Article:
By Oscar Wailoo
It was but a few months after my first visit to Cuba that President Barack Obama announced the U.S. and Cuba had begun talks about normalizing relations.
It came after 54 years of U.S. attempts at overthrowing the Cuban government, several attempts at the assassination of former Cuban president Fidel Castro and imposition of a crippling trade embargo. In those years Cuba built a socialist system that resisted U.S. efforts to force it to heel and embrace the capitalist system.
With the promise of the reopening of a U.S. embassy in Havana, travel liberalization between the two countries, the hope of removal of the trade embargo, there is no shortage of opinion on what effects these changes will have on Cuba or what ordinary Cubans think about it. (Shortly after Obama’s announcement, The Camera featured a report from Cuba by our Jasminee Sahoye on Cubans’ reactions.)
Opinions range from a wish that Cuba embrace capitalism to wanting Cuba to press on with socialism and make it better rather than risk being contaminated by the inequities that will follow if American style capitalism gets a toehold in the revolutionary Caribbean island. In the end, the basic question is: “What do Cubans want?”
I figured, therefore, on my recent and second trip to Cuba to make my small contribution to answering that by poking around a bit and talking to Cubans willing to give me the time. So I prepped myself by brushing up on Spanish, hoping while in Havana I could have a basic conversation with the average Cuban. And with help from my Cuban host, who speaks English, I hoped to get a sense of what Cubans expect.
The first part of my plan failed; I choked on my Spanish the moment I arrived in Havana as the language greeted me from every direction. Few things could I comprehend. It was a cacophony of words, causing the part of my brain associated with language to atrophy. I took a deep breath, bought a dictionary and pressed on.
Still, I was able to make labored conversation with my bed & breakfast host, a few of his friends who dropped by, the odd person here and there and best of all a couple of young African Americans studying medicine at the University of Havana.
My host at the B&B is a businessman and welcomes what he hopes to be an opening for more free enterprise. He was critical of people whom he says sits around and do little to improve their lives.
While he values many of the gains of the revolution, he feels there is room for a little capitalism. The older generation is suspicious of the U.S. and will not be easily convinced of his position. The youth, however, are less attached to revolutionary thinking and want to travel more easily and get a piece of all they see on American TV.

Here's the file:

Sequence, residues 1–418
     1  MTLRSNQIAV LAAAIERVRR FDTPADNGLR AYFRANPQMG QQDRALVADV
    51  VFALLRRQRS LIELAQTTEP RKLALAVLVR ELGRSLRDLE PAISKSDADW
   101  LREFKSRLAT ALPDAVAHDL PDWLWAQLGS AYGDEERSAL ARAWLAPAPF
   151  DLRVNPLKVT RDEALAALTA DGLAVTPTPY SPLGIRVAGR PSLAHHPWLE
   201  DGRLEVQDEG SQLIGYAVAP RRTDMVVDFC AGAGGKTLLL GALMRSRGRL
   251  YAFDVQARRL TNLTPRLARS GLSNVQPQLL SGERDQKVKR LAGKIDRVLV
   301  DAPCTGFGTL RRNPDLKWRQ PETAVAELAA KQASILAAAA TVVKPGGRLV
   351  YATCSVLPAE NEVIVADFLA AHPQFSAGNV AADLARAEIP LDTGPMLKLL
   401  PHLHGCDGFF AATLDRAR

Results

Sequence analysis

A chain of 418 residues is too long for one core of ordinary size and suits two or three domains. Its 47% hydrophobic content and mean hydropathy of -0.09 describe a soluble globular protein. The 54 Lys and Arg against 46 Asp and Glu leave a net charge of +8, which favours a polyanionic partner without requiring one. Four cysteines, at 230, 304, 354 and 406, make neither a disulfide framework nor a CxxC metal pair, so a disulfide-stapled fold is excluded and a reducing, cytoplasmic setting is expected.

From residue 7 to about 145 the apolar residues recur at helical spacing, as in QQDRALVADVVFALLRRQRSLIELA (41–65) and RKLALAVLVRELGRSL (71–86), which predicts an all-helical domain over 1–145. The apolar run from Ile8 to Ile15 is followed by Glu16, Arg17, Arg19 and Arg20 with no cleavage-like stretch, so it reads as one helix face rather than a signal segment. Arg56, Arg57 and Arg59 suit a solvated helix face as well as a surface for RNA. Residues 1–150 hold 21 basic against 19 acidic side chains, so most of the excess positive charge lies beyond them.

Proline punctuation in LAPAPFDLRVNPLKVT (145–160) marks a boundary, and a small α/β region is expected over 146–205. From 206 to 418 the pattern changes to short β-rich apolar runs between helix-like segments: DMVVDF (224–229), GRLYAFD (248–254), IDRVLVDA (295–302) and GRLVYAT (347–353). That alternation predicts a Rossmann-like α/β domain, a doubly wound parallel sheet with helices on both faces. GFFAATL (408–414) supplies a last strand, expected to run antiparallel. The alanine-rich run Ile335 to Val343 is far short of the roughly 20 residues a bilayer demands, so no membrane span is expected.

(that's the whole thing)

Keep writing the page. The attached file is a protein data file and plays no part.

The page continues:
The two American students agreed with this last point. Their Cuban colleagues at the university claim unabashedly that they are “capitalistas” whose favourite online game is matching the correct logo to its associated American business corporation.They were anxious to make their first trip to Miami. But the American students also found that skepticism of U.S. influence grows the further away you are from Havana.
The people of Santiago de Cuba (old and young), for instance, were not ready to drink the U.S. Kool-Aid. But it was in Havana where the 25-year-old niece of my host reported that her friends were incensed when they learned a delegation of young Cubans associated with the former CIA operative responsible for the 1967 murder of Che Guevara in Bolivia were demonstrating in the streets of Panama during the recent Summit of the Americas. So, it seems that revolutionary sensibilities are still quite present in some Havana youth.
The opinions I heard from my small sample of Cubans were a mixed bag. Some wanted doses of capitalism ranging from high to low, others acknowledged a bit of private enterprise would be a boost to production of certain goods and services, but the core of revolutionary socialism must not be compromised.
Still others would have no truck with the Americans. But they all agreed that whatever happens will not happen overnight and so they carry on.
But that was in Havana; and Cuba is a large (40,000 sq. ml.) and complex country with geography as varied as its 11 million people. And whatever visitors like me learn about Cuba and its people, we won’t know enough to say what Cubans will do.
But Cubans, young and old, have a deep understanding of who they are what they have accomplished against enormous odds. And they know the price they paid.
If Cuba has to go through some kind of transformation, Cubans will decide it. Nobody else.